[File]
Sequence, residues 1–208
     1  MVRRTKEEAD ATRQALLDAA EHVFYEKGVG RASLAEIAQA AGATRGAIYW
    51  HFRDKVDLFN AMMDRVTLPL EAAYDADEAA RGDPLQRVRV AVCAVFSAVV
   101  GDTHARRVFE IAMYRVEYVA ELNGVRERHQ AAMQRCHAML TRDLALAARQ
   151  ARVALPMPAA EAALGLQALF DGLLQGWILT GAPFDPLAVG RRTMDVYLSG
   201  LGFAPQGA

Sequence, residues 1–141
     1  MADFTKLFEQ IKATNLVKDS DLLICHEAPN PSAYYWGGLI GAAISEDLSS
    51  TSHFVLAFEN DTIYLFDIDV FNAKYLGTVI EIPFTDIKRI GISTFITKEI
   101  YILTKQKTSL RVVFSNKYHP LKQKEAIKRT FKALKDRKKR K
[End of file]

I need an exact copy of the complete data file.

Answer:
Sequence, residues 1–208
     1  MVRRTKEEAD ATRQALLDAA EHVFYEKGVG RASLAEIAQA AGATRGAIYW
    51  HFRDKVDLFN AMMDRVTLPL EAAYDADEAA RGDPLQRVRV AVCAVFSAVV
   101  GDTHARRVFE IAMYRVEYVA ELNGVRERHQ AAMQRCHAML TRDLALAARQ
   151  ARVALPMPAA EAALGLQALF DGLLQGWILT GAPFDPLAVG RRTMDVYLSG
   201  LGFAPQGA

Sequence, residues 1–141
     1  MADFTKLFEQ IKATNLVKDS DLLICHEAPN PSAYYWGGLI GAAISEDLSS
    51  TSHFVLAFEN DTIYLFDIDV FNAKYLGTVI EIPFTDIKRI GISTFITKEI
   101  YILTKQKTSL RVVFSNKYHP LKQKEAIKRT FKALKDRKKR K